On the front lines of the coronavirus crisis that has swept through New York City, a medical resident in Brooklyn decided to write about dealing with a historic pandemic at what is an early and critical time in the career of a doctor.
“Throughout these last couple of weeks I’ve hit a whole range of emotions,” the resident, who works at several hospitals in Brooklyn, wrote in text shared with NBC News. “There have been multiple days where I’d come home and just feel … defeated.”
“As this is going on, it feels like no matter what you do, what treatment you give, you are slowly watching someone die,” the resident wrote in the passage.
Medical residents in New York City described their fears and hopes to NBC News and said they never imagined they would have to bear witness to so much death this early in their careers. As of Tuesday evening, there were more than 111,000 known coronavirus cases in the city, with more than 6,800 confirmed deaths.
“I never in a million years thought that I would ever be in this situation,” Daniela Tello, another medical resident in Brooklyn, said. “I wake up every day and I feel like I’m living a nightmare.”
She described a sense of pride at being able to help save lives, but also described frantic searches from even the most experienced doctors for effective treatments as the medical community races against time with the virus.
“We’re literally going to work every day, all day and then we go home and all we do is read, read, read,” looking for any new research on the virus, she said. “We feel very helpless.”
Tello said other residents described feeling two main emotions: fear and insecurity.
“We as doctors take an oath, we can’t run away,” she said. “We have to wake up every morning and we have to face the fears and the insecurities.”
Download the NBC News app for full coverage of the coronavirus outbreak
Let our news meet your inbox. The news and stories that matters, delivered weekday mornings.
The other Brooklyn resident, who spoke on the condition of anonymity for fear of retaliation, described writing about the experience as a form of relief while continuing to treat coronavirus patients in overwhelmed hospitals and being forced to isolate from loved ones for fear of infecting them.
The resident also described a sense of pride in being able to help people and gratitude for providing support in such an unprecedented crisis, but hoped it would be “a once in a lifetime thing.”
“I feel just like I’ve flushed my memory of everything except COVID,” the resident said.
In another part of the passage, the resident wrote, “Every day I start to feel less and less like a physician because I’m so lost.”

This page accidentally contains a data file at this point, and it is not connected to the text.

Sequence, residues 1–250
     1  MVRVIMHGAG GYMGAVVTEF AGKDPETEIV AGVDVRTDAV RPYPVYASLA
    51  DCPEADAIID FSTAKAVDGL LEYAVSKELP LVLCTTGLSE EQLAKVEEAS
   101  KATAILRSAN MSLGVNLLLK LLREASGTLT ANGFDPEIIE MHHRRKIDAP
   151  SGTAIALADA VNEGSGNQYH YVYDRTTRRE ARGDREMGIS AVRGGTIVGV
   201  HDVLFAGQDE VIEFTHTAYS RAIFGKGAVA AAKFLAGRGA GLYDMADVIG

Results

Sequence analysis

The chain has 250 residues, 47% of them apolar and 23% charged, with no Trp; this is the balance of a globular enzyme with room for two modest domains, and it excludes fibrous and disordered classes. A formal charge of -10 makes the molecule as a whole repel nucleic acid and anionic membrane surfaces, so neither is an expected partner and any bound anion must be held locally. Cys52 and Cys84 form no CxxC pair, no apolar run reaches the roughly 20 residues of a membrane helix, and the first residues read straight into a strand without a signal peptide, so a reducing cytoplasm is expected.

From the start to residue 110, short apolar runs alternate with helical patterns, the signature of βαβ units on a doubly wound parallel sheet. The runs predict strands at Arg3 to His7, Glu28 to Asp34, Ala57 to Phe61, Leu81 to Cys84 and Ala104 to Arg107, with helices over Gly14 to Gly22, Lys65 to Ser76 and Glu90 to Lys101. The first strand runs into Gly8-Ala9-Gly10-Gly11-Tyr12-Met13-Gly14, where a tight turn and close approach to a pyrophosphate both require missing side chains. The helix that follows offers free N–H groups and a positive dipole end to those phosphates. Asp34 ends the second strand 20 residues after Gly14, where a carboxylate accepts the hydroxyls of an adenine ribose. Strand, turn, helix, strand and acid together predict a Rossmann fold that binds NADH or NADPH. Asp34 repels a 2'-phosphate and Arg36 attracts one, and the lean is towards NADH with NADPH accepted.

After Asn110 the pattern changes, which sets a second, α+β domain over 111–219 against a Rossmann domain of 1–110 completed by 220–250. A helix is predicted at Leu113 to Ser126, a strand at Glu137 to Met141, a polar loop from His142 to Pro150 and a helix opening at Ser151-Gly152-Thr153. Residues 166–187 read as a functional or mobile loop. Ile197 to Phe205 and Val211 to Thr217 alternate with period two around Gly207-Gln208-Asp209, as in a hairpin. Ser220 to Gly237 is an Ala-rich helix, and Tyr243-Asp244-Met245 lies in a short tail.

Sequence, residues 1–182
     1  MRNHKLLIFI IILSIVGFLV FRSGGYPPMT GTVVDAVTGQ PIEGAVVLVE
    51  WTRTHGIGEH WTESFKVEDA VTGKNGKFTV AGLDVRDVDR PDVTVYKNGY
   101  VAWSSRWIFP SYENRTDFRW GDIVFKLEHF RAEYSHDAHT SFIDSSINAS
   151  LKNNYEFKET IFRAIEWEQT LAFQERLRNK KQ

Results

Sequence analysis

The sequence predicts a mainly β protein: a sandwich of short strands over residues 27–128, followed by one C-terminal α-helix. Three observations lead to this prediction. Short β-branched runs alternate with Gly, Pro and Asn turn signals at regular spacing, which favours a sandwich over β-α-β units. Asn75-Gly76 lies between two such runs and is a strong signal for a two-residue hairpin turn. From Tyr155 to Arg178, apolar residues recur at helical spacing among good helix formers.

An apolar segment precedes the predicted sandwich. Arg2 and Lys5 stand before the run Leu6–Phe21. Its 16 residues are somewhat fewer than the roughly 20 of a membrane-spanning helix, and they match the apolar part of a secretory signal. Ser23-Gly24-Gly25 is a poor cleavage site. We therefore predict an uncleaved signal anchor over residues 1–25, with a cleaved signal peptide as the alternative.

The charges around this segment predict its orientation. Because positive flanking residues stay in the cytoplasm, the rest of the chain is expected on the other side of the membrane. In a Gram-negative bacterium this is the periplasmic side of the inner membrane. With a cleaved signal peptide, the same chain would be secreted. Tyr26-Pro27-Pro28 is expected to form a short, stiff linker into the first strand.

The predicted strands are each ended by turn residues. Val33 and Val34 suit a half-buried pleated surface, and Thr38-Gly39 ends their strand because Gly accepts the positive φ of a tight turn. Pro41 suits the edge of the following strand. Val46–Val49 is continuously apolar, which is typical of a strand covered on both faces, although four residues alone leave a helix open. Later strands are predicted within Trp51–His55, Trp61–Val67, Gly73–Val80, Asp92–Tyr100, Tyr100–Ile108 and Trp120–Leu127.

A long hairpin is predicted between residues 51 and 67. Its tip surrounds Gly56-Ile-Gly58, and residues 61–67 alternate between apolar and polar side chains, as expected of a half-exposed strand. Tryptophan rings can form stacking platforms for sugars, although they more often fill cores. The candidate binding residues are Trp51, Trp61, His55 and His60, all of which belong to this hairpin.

They described the emotional toll of having to tell so many families their loved ones would not survive.
“The amount of times I’ve almost broken down or have broken down crying because I’ve had to listen to loved ones bawling over the phone because just this morning their significant other was fine on room air … and now they passed away,” the resident wrote. “And on top of it having to tell them they can’t even come to the hospital to see them because the risk of exposure is too high.”
Dr. Calvin Sun, an emergency and attending physician who works per diem at a majority of hospital systems throughout New York City, said he was most concerned about residents “out there who are not being spoken to in a language they need for mental health access because what we are going through is PTSD.” He was referring to post-traumatic stress disorder.
Sun said medical professionals at all experience levels were trying to find the best treatment for the disease in real time.
“Residents look to us as attendings for guidance and we’re just faking it to make it really,” he said. “None of us have been through anything like this before.”
Sun lamented that so many medical professionals had already fallen ill to the virus, which he said included residents who have died.
Those residents were “people in training that we were supposed to protect,” he said. “That’s like burying our own children.”
Sun said he urged residents to find someone in the medical field who “speaks your language you need to hear to be able to process what you’re going through right now.”
“You are not alone, keep your head up,” he said.
The pandemic has led to calls for an all-hands-on-deck approach in the city, with New York Gov. Andrew Cuomo saying Saturday he would be signing an executive order to allow medical students set to graduate this spring “to begin practicing now.”
“These are extraordinary times and New York needs the help,” he wrote on Twitter.
Several medical schools in the state had already announced they were planning on graduating their fourth-year students early to expedite their ability to serve a key need in the ongoing battle against the virus.
Another resident in New York City, who spoke on the condition of anonymity, said the medical community was coming together to help support each other and find ways to get more personal protective equipment for their colleagues.
While there was a huge sense of camaraderie among the residents treating the coronavirus, there was also a profound sense of isolation because of needing to be physically distant from colleagues and loves ones due to the danger they were all exposed to, the resident said.
The resident said everyone had the same questions on their mind: How long will this last? How long will we be treating so many coronavirus patients?
“To say this was definitely unexpected is an understatement,” the resident said. “It’s just day by day, kind of, hour by hour, minute by minute.”